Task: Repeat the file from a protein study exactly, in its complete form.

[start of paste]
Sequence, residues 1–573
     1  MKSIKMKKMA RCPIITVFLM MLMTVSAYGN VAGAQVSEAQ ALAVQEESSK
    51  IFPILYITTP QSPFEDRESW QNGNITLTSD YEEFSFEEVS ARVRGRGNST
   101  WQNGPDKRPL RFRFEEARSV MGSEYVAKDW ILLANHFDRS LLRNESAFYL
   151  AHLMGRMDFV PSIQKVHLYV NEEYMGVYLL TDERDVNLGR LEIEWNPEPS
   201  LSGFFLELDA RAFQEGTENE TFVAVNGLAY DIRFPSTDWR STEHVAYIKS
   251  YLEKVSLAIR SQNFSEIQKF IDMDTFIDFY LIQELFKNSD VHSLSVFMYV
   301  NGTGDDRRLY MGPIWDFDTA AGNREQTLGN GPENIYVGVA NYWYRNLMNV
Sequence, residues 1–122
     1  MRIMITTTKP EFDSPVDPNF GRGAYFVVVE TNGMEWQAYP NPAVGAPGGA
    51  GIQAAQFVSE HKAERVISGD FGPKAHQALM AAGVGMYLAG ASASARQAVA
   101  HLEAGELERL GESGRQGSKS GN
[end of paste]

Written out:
Sequence, residues 1–573
     1  MKSIKMKKMA RCPIITVFLM MLMTVSAYGN VAGAQVSEAQ ALAVQEESSK
    51  IFPILYITTP QSPFEDRESW QNGNITLTSD YEEFSFEEVS ARVRGRGNST
   101  WQNGPDKRPL RFRFEEARSV MGSEYVAKDW ILLANHFDRS LLRNESAFYL
   151  AHLMGRMDFV PSIQKVHLYV NEEYMGVYLL TDERDVNLGR LEIEWNPEPS
   201  LSGFFLELDA RAFQEGTENE TFVAVNGLAY DIRFPSTDWR STEHVAYIKS
   251  YLEKVSLAIR SQNFSEIQKF IDMDTFIDFY LIQELFKNSD VHSLSVFMYV
   301  NGTGDDRRLY MGPIWDFDTA AGNREQTLGN GPENIYVGVA NYWYRNLMNV
Sequence, residues 1–122
     1  MRIMITTTKP EFDSPVDPNF GRGAYFVVVE TNGMEWQAYP NPAVGAPGGA
    51  GIQAAQFVSE HKAERVISGD FGPKAHQALM AAGVGMYLAG ASASARQAVA
   101  HLEAGELERL GESGRQGSKS GN